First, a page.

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October 2, 2018

Clarke SLP Co-Leads Study Indicating Cord Blood Cells May Improve Hearing in Children with Sensorineural Hearing Loss


October 2, 2018—In a recent study conducted at the Florida Hospital for Children, and co-led by Linda Baumgartner, MS, CCC-SLP, LSLS Cert. AVT, speech-language pathologist and auditory-verbal therapist at Clarke Jacksonville, preliminary findings suggest an improvement in hearing in children with sensorineural hearing loss (SNHL) treated with their own (autologous) umbilical cord blood cells.

This phase 1 pilot investigation was funded by CBR (Cord Blood Registry®, a newborn stem cell company) to determine the safety and initial effectiveness of infusions of autologous umbilical cord blood in 11 children diagnosed with acquired SNHL. (Acquired SNHL occurs after birth, as opposed to congenital SNHL, which occurs during gestation.)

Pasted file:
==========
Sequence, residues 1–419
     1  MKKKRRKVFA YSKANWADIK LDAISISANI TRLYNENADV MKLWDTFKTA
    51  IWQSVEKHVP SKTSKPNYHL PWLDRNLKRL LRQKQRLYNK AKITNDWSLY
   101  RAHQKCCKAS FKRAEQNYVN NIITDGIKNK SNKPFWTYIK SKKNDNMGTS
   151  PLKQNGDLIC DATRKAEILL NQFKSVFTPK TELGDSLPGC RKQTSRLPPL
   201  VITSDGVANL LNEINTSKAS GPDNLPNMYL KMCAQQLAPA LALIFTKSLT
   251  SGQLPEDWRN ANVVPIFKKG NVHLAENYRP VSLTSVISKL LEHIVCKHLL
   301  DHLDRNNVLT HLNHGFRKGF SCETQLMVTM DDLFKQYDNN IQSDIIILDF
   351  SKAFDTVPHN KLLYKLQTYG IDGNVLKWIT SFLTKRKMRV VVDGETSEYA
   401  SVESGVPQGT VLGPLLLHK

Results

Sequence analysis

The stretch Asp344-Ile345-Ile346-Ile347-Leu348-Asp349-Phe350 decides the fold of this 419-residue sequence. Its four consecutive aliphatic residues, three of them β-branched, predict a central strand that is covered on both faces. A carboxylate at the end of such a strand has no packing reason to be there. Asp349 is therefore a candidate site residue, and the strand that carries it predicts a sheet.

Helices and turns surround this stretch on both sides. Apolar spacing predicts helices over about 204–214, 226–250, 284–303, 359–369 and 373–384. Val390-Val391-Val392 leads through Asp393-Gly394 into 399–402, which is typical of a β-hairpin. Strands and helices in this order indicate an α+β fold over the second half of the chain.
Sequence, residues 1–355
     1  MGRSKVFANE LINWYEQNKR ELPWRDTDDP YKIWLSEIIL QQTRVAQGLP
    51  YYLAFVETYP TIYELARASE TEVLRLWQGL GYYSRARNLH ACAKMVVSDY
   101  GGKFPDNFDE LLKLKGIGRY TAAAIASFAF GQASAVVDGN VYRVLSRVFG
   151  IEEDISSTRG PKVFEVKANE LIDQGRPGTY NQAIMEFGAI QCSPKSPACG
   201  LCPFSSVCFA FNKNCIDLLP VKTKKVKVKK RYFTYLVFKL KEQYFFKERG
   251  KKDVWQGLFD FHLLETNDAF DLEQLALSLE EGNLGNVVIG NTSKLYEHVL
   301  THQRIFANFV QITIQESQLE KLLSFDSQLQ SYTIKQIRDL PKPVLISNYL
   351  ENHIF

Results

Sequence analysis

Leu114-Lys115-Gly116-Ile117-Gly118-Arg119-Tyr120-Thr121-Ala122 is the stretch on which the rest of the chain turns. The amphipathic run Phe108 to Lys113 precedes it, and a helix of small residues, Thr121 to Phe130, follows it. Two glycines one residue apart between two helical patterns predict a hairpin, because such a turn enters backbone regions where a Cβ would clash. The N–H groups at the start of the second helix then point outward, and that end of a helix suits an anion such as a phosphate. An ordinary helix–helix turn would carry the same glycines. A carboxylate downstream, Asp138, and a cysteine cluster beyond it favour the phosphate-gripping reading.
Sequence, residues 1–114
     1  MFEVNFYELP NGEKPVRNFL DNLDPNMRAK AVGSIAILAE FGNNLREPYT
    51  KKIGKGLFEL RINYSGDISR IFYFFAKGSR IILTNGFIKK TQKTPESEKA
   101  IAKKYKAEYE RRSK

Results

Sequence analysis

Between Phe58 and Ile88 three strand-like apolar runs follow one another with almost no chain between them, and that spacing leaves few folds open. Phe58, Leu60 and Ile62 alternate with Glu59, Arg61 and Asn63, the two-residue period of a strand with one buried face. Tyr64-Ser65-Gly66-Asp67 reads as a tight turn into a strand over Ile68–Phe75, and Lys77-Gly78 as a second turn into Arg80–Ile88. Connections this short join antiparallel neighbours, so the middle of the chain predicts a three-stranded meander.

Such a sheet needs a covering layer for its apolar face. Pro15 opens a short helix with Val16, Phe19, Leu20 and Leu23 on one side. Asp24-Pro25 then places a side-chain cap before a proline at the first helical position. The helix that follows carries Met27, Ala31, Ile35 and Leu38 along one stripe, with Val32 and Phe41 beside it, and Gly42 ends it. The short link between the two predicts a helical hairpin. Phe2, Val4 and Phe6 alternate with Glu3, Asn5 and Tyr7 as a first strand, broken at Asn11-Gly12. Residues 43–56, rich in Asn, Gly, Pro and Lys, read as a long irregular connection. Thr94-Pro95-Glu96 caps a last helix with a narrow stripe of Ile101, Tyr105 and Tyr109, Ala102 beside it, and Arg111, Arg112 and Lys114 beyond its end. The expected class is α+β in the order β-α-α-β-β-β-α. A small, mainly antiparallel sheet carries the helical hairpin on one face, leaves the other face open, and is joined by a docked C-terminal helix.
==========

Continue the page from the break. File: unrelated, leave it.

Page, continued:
Study findings also showed improvement in auditory brainstem response in 45% of the participants after the infusion. Study co-lead, Dr. James Baumgartner, MD and Pediatric Surgeon at Florida Hospital for Children, believes that the cord blood cells may also help spur regeneration of cilia in the inner ear.

"Although the exact mechanism of action is unknown, unique properties of the cord blood cellular components are believed to spur regeneration of the cilia (hair) and support cells within the cochlea," said Dr. Baumgartner.

Umbilical cord blood, or cord blood, is the blood remaining in the umbilical cord and placenta after a baby is born and the cord is cut. Because cord blood is very rich in stem cells, some families choose to store or donate this blood in the event it could be used in the future to treat certain conditions or diseases.

To learn more about the study, read CBR’s press release.